One morning in mid-October, Mr. Fletcher walked to the front of the classroom where an interactive white board displayed ClassDojo, a behavior-tracking app that lets teachers award points or subtract them based on a student’s conduct. On the board was a virtual classroom showing each student’s name, a cartoon avatar and the student’s scores so far that week.
“I’m going to have to take a point for no math homework,” Mr. Fletcher said to a blond boy in a striped shirt and then clicked on the boy’s avatar, a googly-eyed green monster, and subtracted a point.
The program emitted a disappointed pong sound, audible to the whole class — and sent a notice to the child’s parents if they had signed up for an account on the service.
The maker of ClassDojo, a popular behavioral tracking app used in schools across the United States, announced revisions on Tuesday in the way it retains student information.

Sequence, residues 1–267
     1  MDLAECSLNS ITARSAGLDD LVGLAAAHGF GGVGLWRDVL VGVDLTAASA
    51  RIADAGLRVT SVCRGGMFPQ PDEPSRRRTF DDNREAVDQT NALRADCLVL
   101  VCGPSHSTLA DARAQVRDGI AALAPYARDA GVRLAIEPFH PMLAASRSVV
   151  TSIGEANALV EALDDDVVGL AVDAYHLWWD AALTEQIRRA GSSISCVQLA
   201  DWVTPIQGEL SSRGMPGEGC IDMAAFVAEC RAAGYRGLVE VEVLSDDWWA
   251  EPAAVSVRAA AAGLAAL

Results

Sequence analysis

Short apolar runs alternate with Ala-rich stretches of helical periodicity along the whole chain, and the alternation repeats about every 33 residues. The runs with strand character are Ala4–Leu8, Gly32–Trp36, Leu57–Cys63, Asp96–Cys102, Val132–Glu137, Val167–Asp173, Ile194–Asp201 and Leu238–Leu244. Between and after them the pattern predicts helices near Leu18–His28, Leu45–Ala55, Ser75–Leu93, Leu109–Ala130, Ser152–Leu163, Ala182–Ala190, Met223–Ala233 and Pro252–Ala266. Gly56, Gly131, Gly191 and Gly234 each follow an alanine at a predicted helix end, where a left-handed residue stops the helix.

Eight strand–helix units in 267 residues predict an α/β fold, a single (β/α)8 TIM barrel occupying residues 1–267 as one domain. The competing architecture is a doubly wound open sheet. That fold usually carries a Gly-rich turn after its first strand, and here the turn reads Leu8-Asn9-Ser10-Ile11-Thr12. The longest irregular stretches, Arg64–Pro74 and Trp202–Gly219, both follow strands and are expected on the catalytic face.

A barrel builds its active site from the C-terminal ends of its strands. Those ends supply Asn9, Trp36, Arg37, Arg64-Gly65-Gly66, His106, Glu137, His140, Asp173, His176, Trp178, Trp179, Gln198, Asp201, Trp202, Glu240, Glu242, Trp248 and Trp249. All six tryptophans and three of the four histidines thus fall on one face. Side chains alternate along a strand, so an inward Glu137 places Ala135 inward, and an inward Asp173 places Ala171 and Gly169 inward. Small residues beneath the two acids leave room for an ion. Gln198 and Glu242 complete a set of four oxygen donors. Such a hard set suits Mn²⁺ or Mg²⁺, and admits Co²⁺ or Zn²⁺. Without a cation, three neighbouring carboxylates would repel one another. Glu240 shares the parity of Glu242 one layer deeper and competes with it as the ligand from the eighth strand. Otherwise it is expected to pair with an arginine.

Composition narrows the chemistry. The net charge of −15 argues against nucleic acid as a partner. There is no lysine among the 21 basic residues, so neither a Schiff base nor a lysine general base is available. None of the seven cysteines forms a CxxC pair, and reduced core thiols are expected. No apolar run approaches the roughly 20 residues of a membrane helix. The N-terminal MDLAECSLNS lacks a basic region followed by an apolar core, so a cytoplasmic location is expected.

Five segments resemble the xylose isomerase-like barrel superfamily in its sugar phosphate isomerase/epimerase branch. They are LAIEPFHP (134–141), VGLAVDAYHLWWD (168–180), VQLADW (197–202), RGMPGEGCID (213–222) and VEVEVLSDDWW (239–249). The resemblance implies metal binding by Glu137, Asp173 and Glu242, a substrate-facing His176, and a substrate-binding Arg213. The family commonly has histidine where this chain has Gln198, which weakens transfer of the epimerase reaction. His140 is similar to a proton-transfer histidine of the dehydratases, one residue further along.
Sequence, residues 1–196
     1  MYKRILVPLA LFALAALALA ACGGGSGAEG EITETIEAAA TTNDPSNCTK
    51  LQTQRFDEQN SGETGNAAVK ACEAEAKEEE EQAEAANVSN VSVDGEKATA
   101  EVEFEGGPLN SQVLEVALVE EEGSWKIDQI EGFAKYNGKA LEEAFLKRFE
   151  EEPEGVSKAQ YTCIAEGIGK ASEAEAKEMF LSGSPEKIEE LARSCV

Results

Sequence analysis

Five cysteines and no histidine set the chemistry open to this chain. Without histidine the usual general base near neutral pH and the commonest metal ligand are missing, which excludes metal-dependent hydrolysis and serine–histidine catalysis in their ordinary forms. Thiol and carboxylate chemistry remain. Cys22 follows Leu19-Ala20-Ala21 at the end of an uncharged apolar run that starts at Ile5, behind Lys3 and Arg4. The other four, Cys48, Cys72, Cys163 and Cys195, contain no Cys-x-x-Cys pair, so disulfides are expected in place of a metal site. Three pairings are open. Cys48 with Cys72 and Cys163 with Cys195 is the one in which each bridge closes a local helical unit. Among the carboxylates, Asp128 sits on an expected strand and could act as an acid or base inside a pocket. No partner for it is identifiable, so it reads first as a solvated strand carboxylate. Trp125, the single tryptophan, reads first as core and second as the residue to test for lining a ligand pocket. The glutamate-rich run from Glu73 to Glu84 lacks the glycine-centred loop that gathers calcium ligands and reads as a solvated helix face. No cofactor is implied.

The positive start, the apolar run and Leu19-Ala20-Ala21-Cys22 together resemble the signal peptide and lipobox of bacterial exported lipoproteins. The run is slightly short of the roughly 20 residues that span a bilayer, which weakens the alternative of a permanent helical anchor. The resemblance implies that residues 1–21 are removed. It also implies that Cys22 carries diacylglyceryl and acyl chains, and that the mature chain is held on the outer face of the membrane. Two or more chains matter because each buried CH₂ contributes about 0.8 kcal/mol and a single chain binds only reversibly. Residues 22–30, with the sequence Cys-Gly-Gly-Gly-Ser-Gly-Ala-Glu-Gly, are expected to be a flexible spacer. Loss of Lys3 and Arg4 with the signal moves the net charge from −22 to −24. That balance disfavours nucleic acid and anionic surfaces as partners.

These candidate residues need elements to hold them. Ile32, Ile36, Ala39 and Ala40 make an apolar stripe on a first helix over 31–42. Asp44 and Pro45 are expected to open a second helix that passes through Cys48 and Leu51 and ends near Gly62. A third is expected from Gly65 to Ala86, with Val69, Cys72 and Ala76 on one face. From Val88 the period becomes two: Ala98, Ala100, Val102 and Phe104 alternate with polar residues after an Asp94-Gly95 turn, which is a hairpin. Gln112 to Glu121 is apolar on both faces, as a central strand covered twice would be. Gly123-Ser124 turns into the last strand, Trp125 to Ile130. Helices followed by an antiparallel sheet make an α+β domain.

Starting in January, the company intends to keep students’ behavioral records for only one school year.
“We are not a data company. So we have no need to keep any data beyond allowing it to be communicated between teachers, parents and students,” Sam Chaudhary, the co-founder of ClassDojo, wrote in an email to a reporter. “We think one year will give busy parents an opportunity to find time to review this information.”
This post at The New York Times provides an illustrative story of the use of ClassDojo, an educational technology system, for managing classroom behavior. See other ClassDojo bookmarks for posts related to student privacy concerns.
But some parents, teachers and privacy law scholars say ClassDojo, along with other unproven technologies that record sensitive information about students, is being adopted without sufficiently considering the ramifications for data privacy and fairness, like where and how the data might eventually be used.